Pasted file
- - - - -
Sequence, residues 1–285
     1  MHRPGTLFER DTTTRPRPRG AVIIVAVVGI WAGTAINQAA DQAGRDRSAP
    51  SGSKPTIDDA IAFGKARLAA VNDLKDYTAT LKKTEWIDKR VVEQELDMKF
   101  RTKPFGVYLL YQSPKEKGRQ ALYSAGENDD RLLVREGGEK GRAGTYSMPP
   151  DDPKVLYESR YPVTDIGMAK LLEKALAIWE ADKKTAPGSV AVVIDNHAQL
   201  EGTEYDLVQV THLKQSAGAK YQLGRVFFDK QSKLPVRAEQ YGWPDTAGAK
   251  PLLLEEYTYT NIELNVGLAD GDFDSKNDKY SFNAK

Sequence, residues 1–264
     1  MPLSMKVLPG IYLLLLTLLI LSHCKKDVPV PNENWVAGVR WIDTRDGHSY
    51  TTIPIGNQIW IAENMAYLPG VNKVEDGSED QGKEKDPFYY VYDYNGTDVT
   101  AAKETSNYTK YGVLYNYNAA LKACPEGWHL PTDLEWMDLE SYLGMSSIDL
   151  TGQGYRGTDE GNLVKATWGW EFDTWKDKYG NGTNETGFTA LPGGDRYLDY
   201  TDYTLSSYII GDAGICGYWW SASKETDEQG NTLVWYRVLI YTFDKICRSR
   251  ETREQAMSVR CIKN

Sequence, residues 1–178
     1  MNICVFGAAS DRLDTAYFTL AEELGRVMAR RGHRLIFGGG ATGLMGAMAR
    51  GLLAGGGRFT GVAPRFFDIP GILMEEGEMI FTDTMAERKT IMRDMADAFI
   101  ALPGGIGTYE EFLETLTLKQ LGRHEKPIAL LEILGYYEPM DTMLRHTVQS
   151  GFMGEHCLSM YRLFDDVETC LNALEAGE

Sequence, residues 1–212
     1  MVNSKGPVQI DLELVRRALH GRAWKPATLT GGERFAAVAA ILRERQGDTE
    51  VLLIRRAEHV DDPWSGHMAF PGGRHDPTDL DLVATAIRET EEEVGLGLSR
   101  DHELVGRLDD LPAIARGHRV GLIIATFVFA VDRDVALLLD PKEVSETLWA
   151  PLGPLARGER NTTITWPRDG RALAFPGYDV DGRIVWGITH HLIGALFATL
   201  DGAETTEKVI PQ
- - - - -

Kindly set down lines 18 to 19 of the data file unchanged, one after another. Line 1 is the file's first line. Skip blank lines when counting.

   101  ALPGGIGTYE EFLETLTLKQ LGRHEKPIAL LEILGYYEPM DTMLRHTVQS
   151  GFMGEHCLSM YRLFDDVETC LNALEAGE